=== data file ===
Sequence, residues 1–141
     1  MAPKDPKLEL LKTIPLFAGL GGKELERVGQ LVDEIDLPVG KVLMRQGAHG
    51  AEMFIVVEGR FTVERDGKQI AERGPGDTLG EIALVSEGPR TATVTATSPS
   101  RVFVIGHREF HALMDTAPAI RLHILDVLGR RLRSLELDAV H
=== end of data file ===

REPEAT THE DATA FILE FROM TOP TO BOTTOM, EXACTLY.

Sequence, residues 1–141
     1  MAPKDPKLEL LKTIPLFAGL GGKELERVGQ LVDEIDLPVG KVLMRQGAHG
    51  AEMFIVVEGR FTVERDGKQI AERGPGDTLG EIALVSEGPR TATVTATSPS
   101  RVFVIGHREF HALMDTAPAI RLHILDVLGR RLRSLELDAV H